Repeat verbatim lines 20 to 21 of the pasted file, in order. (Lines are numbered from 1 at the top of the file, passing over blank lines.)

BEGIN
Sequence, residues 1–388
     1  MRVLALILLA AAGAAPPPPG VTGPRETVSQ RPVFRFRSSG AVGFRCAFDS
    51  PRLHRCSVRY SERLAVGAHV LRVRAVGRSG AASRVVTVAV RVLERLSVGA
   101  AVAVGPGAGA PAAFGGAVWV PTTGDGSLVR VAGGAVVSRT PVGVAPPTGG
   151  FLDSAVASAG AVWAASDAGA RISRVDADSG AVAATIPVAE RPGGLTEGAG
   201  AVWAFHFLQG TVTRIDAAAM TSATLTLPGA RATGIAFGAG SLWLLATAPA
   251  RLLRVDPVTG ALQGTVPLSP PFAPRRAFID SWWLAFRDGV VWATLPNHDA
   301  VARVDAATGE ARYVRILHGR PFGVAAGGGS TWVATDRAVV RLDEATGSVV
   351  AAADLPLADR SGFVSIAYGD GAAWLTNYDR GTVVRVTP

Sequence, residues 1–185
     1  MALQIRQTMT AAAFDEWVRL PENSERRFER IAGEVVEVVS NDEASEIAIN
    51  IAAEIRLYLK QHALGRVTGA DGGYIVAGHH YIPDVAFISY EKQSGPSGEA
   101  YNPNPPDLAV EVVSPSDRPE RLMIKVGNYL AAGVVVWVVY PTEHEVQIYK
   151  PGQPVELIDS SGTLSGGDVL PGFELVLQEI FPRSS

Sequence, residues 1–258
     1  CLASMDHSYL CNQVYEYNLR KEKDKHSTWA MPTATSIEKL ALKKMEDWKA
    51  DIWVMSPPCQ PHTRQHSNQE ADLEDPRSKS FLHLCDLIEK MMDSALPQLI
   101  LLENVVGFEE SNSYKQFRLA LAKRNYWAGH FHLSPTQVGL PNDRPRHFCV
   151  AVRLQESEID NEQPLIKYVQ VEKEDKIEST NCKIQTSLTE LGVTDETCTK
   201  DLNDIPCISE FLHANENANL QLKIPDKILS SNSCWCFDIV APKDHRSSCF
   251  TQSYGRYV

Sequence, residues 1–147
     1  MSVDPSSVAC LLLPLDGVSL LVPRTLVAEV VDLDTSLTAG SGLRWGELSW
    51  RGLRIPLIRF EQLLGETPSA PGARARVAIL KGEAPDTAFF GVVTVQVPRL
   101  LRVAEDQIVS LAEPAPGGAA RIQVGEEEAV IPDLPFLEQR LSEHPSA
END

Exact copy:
   201  DLNDIPCISE FLHANENANL QLKIPDKILS SNSCWCFDIV APKDHRSSCF
   251  TQSYGRYV